Revisiting Revoice: The Need For This Discussion

This issue is not going away.

In days to come, the theology of Revoice, and other similar theologies, will become more of a pressing issue, not less of one. Already the conservative Presbyterian Church of America is embroiled in controversy over how it will respond to Revoice, having engaged in lengthy and passionate debate on the floor of its 2019 General Assembly on whether or not it would vote to commend the Nashville Statement. The motion passed, but not by much, and the divide between those in favor and those opposed fell out along generational lines.

 

Danny Akin’s recent hiring of Karen Swallow Prior at Southeastern Baptist Theological Seminary sparked newfound concern regarding Prior’s signing of the Nashville Statement and subsequent endorsement of the Revoice Conference. I have conferred privately with Dr. Prior and Dr. Ascol regarding everything I care to say about the personalities and politics involved in this issue, and was forthright about my position on social media. However, that approach was insufficient in staving off significant inquiry as to where I am regarding the Revoice Conference and its theology, so I am grateful for the opportunity to clear that up, and contribute something I hope will be helpful to the discussion.

From a political standpoint, we must ask what relevance, if any, the Nashville Statement and the Southern Baptist Convention’s Resolution On Sexuality And Personal Identity have to the Revoice Conference and its theology. What must SBC seminary and/or undergraduate professors affirm and deny regarding the aforementioned documents and/or Revoice and other similar conferences, websites, and movements? Does it make a difference whether these professors are formally trained in theology or not? Does it make a difference what they will be teaching? Do the seminaries and colleges agree with one another on their hiring, firing, and placement practices with regard to this hot button issue? Seeking to answer such questions is a task that is well above my pay grade, but I am not sure how those in charge of our six SBC seminaries can get around making a good faith effort to answer them. SBC congregations will undoubtedly seek clarity on these matters, and not be satisfied with the confusion that could result from inconsistent practices.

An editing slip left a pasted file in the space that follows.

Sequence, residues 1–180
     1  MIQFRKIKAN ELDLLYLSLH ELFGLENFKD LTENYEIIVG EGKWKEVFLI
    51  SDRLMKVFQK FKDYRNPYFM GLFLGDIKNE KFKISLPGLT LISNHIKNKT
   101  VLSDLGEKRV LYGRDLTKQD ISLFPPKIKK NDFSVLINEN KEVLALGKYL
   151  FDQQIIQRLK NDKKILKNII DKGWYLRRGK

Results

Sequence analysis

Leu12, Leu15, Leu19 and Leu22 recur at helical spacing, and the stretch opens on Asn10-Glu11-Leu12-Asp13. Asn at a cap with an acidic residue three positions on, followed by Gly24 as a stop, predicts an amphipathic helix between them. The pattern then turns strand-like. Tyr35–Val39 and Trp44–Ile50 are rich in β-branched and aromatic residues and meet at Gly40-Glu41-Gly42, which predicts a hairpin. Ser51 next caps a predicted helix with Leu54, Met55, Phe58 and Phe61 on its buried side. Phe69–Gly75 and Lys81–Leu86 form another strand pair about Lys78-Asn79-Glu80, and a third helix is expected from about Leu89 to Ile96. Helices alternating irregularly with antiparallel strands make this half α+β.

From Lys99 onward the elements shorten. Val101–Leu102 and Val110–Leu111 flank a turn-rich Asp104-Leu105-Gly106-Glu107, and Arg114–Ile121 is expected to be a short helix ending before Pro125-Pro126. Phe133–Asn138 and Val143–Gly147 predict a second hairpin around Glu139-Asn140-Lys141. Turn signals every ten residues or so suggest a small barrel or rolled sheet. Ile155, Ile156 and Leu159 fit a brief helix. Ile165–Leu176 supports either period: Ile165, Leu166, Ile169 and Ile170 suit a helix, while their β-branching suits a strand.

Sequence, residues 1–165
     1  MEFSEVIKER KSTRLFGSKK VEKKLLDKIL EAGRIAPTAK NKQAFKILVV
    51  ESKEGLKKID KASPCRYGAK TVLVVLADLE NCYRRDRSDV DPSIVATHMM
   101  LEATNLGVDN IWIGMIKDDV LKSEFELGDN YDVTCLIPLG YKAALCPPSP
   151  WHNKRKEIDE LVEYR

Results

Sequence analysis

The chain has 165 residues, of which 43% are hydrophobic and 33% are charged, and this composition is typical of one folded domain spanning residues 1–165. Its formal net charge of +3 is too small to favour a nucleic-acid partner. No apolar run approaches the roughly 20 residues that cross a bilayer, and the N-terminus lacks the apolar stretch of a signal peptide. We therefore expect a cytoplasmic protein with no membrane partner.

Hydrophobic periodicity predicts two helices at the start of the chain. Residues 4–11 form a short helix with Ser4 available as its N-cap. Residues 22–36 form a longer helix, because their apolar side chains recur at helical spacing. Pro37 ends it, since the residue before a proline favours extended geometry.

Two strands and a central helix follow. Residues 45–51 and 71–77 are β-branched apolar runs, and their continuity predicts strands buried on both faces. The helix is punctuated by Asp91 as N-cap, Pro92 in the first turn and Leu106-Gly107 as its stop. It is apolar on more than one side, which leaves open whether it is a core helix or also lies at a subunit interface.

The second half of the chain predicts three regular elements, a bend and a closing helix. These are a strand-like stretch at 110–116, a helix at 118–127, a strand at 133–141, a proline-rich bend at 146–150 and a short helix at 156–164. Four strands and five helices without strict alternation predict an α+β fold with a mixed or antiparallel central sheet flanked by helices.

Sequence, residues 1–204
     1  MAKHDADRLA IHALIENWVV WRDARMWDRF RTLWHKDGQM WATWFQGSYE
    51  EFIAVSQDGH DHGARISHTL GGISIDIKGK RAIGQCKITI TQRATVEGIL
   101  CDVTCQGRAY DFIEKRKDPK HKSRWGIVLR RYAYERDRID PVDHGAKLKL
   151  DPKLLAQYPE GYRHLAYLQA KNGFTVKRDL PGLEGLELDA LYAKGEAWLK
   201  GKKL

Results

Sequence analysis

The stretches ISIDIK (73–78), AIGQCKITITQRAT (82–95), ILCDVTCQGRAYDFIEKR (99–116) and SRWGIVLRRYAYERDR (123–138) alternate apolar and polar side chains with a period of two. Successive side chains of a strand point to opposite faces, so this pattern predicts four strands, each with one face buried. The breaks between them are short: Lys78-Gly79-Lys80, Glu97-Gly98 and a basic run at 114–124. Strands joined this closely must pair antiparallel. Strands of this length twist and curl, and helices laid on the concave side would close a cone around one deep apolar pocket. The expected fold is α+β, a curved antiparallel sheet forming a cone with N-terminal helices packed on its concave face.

In days to come, the theology of Revoice, and other similar theologies, will become more of a pressing issue, not less of one. Already the conservative Presbyterian Church of America is embroiled in controversy over how it will respond to Revoice, having engaged in lengthy and passionate debate on the floor of its 2019 General Assembly on whether or not it would vote to commend the Nashville Statement. The motion passed, but not by much, and the divide between those in favor and those opposed fell out along generational lines. This issue is not going away, and our SBC seminary leadership needs to be clear from the beginning and not at all ambiguous as to how they will proceed with regard to such topics. This is not the time to be mealy-mouthed about such an important topic. The time has come to be clear. Such is only fair to the professors, students, and church members of the SBC. What one says about the Revoice conference is not merely a pastoral or cultural issue (although it is both of those), but an issue of the sufficiency of Scripture and the gospel as they pertain to sanctification. The purpose of this post is to leave the aforementioned personal and political questions to whom they may concern and focus instead on the underlying theology of the Revoice Conference, particularly in relation to Article 7 of the Nashville Statement.

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